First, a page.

Why Aren't There More Black Federal Judges in Alabama, Florida, and Georgia?

Why isn't the White House doing more to nominate judges of color to sit in states like Georgia, Alabama and Florida, where minorities are severely underrepresented?
The 11th Circuit U.S. Court of Appeals building in Atlanta, Georgia. Its territory comprises the highest percentage of blacks of any federal judicial circuit in the country. (John Bazemore/Associated Press)

Most of the conversation about President Barack Obama's judicial nominations these days focuses on the unprecedented Republican push to block even those candidates with meticulous professional and personal qualifications. Although there are still regrettable incidents of "false equivalence" in the reporting of now-routine GOP filibusters of these nominees, there seems to be a growing consensus that the tactic in the Senate is as nihilistic as was the House's government shutdown: You can't have a rule of law without enough judges.

Another theme that has attracted some attention about judicial nominations, a counter-theme you could call it, posits that the White House initially did a poor job of quickly and efficiently nominating judicial candidates. There is no doubt that this was true—but that it was more true during the president's first term than it is today. The pace of these nominations has picked up—at last surpassing the pace of George W. Bush—and so, too have the number of candidates who are persons of color. Obama now is nominating women, and minorities, at a pace almost exactly double that of his immediate predecessor. It's quite laudable.

But this column isn't about either one of those things. It's about the dismal record this president has in successfully nominating black men and women to the federal courts in three states in the Deep South—Florida, Georgia and Alabama—which have significant minority populations that are grossly underrepresented on the federal benches there. Coming from a president who has nominated more women and candidates of color than any of his predecessors, this is both surprising and disappointing.

It is more so because President Obama has had success in nominating black candidates to the federal bench in Mississippi, as "Deep South" as America gets. Just last week, the Senate confirmed Debra Brown to a federal trial seat in the Northern District of Mississippi. She is the first black female judge in the state's history and her nomination was supported by both of Mississippi's Republican senators, Thad Cochran and Roger Wicker. In 2011, another black Mississippian, James E. Graves Jr., was nominated by President Obama and confirmed to the 5th U.S. Circuit Court of Appeals.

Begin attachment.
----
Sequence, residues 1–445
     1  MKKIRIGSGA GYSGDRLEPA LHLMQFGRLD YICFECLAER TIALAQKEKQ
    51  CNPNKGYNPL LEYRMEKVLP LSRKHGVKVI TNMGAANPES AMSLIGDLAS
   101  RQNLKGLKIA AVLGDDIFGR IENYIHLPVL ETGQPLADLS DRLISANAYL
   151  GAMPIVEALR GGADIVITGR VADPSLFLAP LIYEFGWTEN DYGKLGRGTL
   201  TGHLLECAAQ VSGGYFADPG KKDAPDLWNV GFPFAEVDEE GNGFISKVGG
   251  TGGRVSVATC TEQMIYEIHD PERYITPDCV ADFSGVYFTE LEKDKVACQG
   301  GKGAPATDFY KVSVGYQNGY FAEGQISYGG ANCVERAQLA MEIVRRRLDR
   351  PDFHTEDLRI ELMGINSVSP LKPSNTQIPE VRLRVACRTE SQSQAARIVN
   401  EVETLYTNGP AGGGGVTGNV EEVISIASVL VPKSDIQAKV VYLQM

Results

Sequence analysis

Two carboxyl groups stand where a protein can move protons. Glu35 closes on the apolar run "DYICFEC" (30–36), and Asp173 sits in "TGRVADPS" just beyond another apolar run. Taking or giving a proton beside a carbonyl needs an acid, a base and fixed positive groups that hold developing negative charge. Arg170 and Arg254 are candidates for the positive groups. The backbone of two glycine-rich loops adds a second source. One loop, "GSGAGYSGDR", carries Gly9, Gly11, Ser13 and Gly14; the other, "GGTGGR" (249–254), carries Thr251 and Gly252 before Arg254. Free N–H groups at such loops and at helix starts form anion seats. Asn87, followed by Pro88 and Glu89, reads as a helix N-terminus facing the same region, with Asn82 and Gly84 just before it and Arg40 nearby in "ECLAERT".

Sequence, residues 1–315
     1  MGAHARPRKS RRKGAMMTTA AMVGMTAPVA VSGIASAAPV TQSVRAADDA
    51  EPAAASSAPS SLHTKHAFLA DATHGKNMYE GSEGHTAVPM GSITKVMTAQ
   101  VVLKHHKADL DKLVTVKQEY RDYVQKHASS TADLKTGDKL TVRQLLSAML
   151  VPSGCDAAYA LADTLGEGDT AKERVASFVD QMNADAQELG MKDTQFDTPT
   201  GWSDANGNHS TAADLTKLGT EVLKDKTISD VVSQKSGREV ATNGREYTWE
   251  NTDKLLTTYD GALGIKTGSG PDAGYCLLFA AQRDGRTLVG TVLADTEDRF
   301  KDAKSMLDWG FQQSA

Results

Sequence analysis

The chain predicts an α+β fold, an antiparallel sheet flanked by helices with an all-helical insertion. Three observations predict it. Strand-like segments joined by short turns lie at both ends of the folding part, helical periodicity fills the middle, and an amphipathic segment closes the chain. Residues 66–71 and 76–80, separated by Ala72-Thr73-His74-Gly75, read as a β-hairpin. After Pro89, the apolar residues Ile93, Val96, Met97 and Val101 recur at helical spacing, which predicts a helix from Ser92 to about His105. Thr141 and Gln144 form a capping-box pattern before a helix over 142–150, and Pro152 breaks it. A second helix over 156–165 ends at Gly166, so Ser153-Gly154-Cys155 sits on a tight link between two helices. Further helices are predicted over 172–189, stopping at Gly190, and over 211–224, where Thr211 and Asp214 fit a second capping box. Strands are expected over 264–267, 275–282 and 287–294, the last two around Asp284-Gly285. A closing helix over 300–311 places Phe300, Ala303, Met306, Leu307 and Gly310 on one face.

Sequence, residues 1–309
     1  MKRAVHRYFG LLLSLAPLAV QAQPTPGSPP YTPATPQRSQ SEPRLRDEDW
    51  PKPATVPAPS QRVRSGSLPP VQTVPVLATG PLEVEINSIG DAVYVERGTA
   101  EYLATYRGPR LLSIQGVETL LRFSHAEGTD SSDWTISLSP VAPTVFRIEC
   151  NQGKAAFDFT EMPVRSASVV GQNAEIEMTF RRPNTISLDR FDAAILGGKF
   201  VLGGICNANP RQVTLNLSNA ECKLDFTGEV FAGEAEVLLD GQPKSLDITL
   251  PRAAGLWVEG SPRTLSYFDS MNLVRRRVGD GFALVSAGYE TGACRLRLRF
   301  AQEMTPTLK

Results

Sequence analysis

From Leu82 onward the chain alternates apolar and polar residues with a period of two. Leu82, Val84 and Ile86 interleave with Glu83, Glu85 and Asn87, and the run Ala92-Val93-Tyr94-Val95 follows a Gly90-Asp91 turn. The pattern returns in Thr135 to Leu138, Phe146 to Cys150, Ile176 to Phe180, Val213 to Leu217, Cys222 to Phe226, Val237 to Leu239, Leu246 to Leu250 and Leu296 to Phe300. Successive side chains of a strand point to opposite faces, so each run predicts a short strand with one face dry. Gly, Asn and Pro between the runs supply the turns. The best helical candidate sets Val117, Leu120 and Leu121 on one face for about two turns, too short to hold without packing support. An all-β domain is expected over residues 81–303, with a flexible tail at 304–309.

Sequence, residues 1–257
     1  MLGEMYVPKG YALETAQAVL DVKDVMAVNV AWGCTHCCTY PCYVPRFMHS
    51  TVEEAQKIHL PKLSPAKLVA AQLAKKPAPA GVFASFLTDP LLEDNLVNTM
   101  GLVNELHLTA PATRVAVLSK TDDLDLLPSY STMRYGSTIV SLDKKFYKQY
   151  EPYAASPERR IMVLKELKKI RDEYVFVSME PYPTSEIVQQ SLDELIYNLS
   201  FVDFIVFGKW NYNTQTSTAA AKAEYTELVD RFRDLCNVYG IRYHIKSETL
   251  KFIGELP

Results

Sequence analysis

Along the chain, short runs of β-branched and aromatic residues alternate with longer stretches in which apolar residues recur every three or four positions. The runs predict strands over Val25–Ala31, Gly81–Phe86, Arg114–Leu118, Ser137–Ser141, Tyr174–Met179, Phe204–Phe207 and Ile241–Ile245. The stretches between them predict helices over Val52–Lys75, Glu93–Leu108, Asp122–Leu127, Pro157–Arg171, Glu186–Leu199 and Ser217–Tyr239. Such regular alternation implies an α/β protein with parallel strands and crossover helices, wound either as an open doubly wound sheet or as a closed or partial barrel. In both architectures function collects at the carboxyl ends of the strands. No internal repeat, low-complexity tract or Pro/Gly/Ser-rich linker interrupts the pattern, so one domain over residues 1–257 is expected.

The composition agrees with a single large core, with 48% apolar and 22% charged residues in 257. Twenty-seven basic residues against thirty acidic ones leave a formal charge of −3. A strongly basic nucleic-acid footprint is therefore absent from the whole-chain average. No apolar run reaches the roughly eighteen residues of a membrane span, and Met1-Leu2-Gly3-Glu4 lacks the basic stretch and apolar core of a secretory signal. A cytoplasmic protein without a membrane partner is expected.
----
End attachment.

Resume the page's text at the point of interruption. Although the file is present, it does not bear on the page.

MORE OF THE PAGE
Despite these victories for diversity, the Congressional Black Caucus tells us that black judicial nominees for federal spots today are far more likely to face Senate opposition than their white counterparts. The case of Senator Marco Rubio's deplorable turnaround on the nomination of William Thomas in Florida—the senator first supported then withdrew his support—is only one live example. Senator Richard Burr, the Republican from North Carolina, also is impetuously stalling the nomination of a black female candidate for a federal spot there.

What accounts for this? Why has so much relative progress been made in Mississippi while so little progress has been made in those other Southern states? Why have Republican senators agreed to confirm some qualified black nominees for federal appeals court positions but blocked other qualified black candidates? Surely, the makeup of the Senate delegations from those states has something to do with it. Surely, the president's nominees do as well. But there is an arbitrary nature to the Senate's response to these nominations that undercuts the premise of its "advice and consent" role. And there is a lack of steel behind the White House's push for judicial diversity even as the nation's benches have become significantly more diverse.